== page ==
With respect to the convenience of the parties, the Court finds that it would be more convenient for this action to proceed in West Virginia. As noted above, the majority of Defendants reside in West Virginia, and although Plaintiff may be inconvenienced in pursuing its claim in an alternate forum, the Court finds that any inconvenience will be minimal given Plaintiff's substantial presence in West Virginia. As the documents in the record reflect, Plaintiff has formed contracts, provided security services, obtained appropriate security licenses, and terminated contracts from its office in West Virginia. Given these extensive ties to West Virginia, the Court finds that Plaintiff can litigate in that state with minimal inconvenience. Cf. Lomanno, 285 F. Supp. 2d at 645 ("Since Lomanno spent periods of time working in Virginia, he cannot as effectively argue that pursuing the Title VII claim in Virginia is hugely inconvenient."). In contrast, Defendants submit that they own no real property in Pennsylvania, do not regularly transact business in the state, and do not possess licenses to conduct business in the state. See Aff. of Richard R. Grinnan ¶¶ 9-11. In comparing the relative hardships, the Court concludes that the potential inconvenience to Defendants litigating in this district outweighs the potential inconvenience Plaintiff faces litigating in West Virginia.

Plaintiff also relies on the fact that its lawyer resides in Eastern Pennsylvania to argue that it is more convenient to litigate in this district. However, "the convenience of counsel is not a factor that is relevant in deciding a motion brought under 28 U.S.C. § 1404(a)." Matt v. Baxter Healthcare Corp., 74 F. Supp. 2d 467, 469 (E.D. Pa. 1999).

Also important to the Court's analysis in this case "is the desire to have the case tried before judges familiar with the applicable law." Tischio v. Bontex, Inc., 16 F. Supp. 2d 511, 526 (D.N.J. 1998). Because West Virginia law applies to this action, this factor also weighs in favor of transfer to a judge sitting in West Virginia. See, e.g.,Coppola v. Ferrellgas, 2008 U.S. Dist. LEXIS 17246, at *26-27 (E.D. Pa. Mar. 6, 2008) (noting that although federal judges often apply the laws of different states, a judge's familiarity with the applicable state law is a factor that favors transfer);Connors v. R S Parts Servs., 248 F. Supp. 2d 394, 396 (E.D. Pa. 2003) (granting a motion to transfer the action to the District of New Jersey because, inter alia, "a New Jersey District Judge would be more familiar with the applicable state law").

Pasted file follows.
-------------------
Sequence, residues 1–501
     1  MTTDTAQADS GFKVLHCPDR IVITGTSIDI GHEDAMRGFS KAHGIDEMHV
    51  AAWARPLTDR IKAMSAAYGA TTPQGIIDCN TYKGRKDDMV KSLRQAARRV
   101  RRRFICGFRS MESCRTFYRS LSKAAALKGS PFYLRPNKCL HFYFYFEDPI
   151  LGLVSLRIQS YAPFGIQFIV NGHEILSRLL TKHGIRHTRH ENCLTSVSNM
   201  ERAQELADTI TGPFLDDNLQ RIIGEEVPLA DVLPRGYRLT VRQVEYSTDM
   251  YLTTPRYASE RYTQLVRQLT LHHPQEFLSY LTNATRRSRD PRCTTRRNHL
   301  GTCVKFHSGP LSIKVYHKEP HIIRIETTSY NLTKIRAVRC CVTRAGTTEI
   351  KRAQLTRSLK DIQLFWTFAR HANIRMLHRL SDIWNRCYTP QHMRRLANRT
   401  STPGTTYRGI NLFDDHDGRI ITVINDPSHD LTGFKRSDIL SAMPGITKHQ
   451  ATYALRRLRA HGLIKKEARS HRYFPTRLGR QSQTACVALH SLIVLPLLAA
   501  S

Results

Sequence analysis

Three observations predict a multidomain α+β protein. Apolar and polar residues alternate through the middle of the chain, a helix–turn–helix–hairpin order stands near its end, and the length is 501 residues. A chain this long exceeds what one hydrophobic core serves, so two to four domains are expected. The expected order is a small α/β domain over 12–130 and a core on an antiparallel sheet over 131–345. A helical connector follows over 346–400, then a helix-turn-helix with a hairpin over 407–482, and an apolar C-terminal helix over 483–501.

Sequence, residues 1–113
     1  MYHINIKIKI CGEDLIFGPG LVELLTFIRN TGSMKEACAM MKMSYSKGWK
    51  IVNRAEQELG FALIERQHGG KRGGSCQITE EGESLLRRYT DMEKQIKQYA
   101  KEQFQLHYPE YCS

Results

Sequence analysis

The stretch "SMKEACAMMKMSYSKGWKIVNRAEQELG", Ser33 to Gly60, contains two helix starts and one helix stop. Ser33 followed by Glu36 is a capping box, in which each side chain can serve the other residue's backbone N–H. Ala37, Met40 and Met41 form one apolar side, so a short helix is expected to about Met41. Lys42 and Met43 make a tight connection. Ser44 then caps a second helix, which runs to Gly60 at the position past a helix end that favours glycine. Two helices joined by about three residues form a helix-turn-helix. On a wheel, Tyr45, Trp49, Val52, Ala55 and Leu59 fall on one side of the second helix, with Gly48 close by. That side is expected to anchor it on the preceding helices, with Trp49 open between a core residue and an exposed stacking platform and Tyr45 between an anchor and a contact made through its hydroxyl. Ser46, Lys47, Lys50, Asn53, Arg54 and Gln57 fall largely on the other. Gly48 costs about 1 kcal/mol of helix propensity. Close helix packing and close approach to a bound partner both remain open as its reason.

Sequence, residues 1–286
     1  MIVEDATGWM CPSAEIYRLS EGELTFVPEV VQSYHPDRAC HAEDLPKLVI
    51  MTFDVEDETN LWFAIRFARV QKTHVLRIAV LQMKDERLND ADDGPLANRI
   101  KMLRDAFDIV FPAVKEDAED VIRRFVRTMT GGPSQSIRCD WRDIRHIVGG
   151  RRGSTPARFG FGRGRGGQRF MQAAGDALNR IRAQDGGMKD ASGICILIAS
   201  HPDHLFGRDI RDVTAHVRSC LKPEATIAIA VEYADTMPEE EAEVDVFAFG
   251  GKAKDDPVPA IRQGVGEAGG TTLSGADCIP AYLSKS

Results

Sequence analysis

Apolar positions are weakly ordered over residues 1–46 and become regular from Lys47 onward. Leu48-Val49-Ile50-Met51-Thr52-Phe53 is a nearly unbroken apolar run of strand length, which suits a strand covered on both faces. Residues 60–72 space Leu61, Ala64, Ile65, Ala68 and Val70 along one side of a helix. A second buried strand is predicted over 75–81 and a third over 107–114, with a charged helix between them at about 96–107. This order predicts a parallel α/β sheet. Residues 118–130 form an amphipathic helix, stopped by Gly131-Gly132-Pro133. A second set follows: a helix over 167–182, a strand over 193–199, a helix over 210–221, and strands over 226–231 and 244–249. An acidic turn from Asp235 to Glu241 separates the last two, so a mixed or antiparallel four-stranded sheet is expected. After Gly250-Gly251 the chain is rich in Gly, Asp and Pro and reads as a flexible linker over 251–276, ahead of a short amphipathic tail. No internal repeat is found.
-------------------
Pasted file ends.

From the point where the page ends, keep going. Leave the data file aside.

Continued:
Based on the arguments and documents submitted, the Court finds that the interests of justice warrant a transfer. This action involves the alleged breach of agreements to provide services in West Virginia that were signed in West Virginia by a corporation that listed itself as a "West Virginia corporation," obtained a West Virginia security license, and stipulated that West Virginia law would apply to any contractual disputes. West Virginia clearly has the most significant ties to this litigation, giving that state an interest in resolving it locally. See, e.g.,Tischio, 16 F. Supp. 2d at 526 ("Virginia, the forum with the more significant contacts with the events resulting in the instant litigation, has a strong public interest in adjudicating this dispute."). Furthermore, "[b]ecause of the relatively short period of time the instant action has been on this court's docket and the lack of any formal development of the record, a transfer will not significantly disrupt the litigation or result in a waste of judicial resources." Zokaites v. Land-Cellular Corp., 424 F. Supp. 2d 824, 841 (W.D. Pa. 2006). Under these facts, the Court finds that the Jumara factors relevant to this action warrant a transfer to the Southern District of West Virginia. See, e.g.,New Trail Capital v. Northwest Co., 2007 U.S. Dist. LEXIS 74189, at *18 (E.D. Pa. Oct. 4, 2007) (granting a motion to transfer where, as here, the law of the proposed transferee district would apply, the relevant events occurred there, and the defendant preferred to litigate there).

Pursuant to 28 U.S.C. § 1391(b)(2), venue is proper in "a judicial district in which a substantial part of the events or omissions giving rise to the claim occurred." Accordingly, venue is proper in the Southern District of West Virginia.


For the reasons given above, the Court will transfer the action to the Southern District of West Virginia. An appropriate Order follows.


AND NOW, this 5th day of September, 2008, upon consideration of Defendants' Motion to Dismiss, or in the Alternative, for a Change of Venue (docket no. 5) and all responses thereto, and for the reasons stated in the accompanying Memorandum, it is ORDERED that the Motion for a Change of Venue is GRANTED, and this case is TRANSFERRED to the United States District Court for the Southern District of West Virginia.